Fifth, educators within the department would be forced to convert to an online program, whether or not they preferred the medium. Personally, I have spoken with a number of educators who were quite weary of teaching their classes purely online. The advent of this forced conversion would, it seems, render the alienation of the educator from their work even greater. There is a reason that Higher Ed Holdings backed out of the deal; popular pressure from professors and students forced them too.

The original report explained some of the motivation behind this opposition:

“Under the roughly outlined agreement, Toledo faculty would continue to teach online courses through video lectures, but students would be assisted by “coaches” employed by Higher Ed Holdings. Toledo faculty say they’re unsure what the credentials of the “coaches” would be, and that’s a source of discomfort.”

An unidentified professor explained further:

“If I’m a talking head on video, I would have very limited contact with my students,” the faculty member said. “The only people who would have contact would be ‘coaches,’ who have a masters degree – or not; who would understand – or would not understand – [course] content or the province that I have in my classes. It’s probably the worst case scenario, as far as I’m concerned.”

Due to space, I will save extensive critiques of the sources of these studies and their supporters. Arne Duncan, the Department of Education, private companies like Higher Ed who hope to make a profit, they all have a vested interest in completely digitalizing education. It cuts costs. For the state, this means less expenditure on superfluous populations. For private companies, this means more profit is directed to their pockets.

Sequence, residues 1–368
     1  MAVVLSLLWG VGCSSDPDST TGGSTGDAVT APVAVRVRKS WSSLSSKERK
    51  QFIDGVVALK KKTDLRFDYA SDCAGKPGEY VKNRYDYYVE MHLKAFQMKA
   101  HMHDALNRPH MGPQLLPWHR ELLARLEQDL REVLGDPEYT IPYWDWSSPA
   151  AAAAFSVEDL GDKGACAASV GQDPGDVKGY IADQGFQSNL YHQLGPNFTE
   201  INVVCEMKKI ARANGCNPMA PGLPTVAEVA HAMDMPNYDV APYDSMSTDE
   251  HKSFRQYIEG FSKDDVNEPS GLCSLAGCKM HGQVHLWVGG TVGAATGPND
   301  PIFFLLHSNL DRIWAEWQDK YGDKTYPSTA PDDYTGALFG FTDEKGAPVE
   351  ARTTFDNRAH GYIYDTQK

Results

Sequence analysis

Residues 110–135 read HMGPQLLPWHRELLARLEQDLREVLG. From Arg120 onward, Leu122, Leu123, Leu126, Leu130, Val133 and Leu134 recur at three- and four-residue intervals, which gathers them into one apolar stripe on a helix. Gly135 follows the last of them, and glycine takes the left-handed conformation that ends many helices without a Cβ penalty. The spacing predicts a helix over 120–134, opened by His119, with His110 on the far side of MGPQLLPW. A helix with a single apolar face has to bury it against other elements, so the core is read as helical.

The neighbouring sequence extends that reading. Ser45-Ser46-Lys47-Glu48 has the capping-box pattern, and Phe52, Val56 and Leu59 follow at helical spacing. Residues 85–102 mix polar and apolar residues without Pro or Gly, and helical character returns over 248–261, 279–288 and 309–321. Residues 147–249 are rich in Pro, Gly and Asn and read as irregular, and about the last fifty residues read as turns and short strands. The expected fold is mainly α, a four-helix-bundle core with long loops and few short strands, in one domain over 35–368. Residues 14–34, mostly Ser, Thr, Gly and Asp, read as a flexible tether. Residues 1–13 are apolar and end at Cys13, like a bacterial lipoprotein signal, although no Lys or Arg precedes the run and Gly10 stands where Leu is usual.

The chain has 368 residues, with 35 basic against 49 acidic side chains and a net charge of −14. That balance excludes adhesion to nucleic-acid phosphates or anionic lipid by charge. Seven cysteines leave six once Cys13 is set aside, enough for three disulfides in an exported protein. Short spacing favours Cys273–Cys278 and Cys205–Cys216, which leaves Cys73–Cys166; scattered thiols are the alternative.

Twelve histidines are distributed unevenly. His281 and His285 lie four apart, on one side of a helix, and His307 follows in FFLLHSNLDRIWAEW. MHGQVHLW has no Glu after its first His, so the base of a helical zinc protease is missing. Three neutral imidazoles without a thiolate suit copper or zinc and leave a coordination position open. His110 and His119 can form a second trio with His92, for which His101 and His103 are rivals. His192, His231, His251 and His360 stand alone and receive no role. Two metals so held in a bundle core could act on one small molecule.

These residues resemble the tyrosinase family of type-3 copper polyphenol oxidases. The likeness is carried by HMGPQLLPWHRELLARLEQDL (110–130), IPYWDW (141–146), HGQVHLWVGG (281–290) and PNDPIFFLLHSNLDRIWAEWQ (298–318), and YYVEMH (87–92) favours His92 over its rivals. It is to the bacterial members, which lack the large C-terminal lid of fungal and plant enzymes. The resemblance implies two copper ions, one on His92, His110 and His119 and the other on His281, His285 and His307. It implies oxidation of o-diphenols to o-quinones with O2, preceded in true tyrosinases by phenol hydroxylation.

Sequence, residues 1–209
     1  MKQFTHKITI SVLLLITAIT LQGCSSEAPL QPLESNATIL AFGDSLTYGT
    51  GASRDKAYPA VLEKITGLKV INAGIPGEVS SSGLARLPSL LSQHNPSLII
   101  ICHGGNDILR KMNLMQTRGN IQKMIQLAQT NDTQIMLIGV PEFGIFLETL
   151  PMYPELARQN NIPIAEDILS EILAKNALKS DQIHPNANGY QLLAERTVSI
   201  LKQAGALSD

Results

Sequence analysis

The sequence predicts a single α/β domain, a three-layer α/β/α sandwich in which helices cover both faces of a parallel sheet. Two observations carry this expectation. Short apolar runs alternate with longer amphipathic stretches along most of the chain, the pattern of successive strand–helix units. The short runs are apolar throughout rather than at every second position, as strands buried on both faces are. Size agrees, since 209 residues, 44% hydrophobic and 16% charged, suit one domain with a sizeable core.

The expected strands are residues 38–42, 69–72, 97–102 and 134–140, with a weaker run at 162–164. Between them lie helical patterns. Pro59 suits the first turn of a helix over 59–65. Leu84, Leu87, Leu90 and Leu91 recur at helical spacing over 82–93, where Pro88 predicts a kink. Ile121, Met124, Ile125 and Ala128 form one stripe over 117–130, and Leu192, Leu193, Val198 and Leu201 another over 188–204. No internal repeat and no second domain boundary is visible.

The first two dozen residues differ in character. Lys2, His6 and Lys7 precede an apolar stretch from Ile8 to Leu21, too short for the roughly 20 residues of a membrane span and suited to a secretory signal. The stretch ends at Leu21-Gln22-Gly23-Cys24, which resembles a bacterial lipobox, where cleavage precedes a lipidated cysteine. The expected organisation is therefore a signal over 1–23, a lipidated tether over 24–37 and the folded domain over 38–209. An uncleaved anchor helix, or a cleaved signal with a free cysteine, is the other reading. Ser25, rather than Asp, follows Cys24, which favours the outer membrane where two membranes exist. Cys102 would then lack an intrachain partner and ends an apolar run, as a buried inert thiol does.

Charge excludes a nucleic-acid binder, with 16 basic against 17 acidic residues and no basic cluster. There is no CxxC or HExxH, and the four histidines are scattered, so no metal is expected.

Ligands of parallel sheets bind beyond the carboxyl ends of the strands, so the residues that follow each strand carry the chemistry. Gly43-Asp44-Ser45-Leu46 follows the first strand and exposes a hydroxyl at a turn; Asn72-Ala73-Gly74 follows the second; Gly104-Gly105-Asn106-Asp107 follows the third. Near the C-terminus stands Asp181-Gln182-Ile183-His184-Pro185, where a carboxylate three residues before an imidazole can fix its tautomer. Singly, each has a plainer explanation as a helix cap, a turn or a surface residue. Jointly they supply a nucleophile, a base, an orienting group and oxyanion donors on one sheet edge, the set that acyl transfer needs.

I also have not seriously reflected here upon the implications that online education entails in reality for students. The facilitation of standardized test-style education, a format which dilutes the learning process and stunts the development of critical thinking skills, would be greatly increased with online education. Anyone who has taken an online course knows how they are full of multiple choice and fill-in-the-blank education, quite the opposite of the dynamic and engaging learning atmosphere actually required to stimulate students.

To close, my argument is not that online education should be outright opposed, but that private companies hoping to make a quick buck off transferring our courses online in order to cut costs should be. Online education, in the right hands, may prove liberating and helpful, but it can also be used to perpetuate the “banking-style” education dominant in the field at the moment. We, as socialist and progressive educators, must combat this. We must also struggle against the continued privatization of our schools. Charter schools and private companies like Higher Ed are waging a war of ideas, dressing their profit-generating schemes with progressive phrases. It is our job to take them up and unveil the reality behind their ostensible rhetoric.

Sunday, August 23, 2009

On Education Part Two: Selective Omission and What We Learn From Malcolm X's Schooling Experience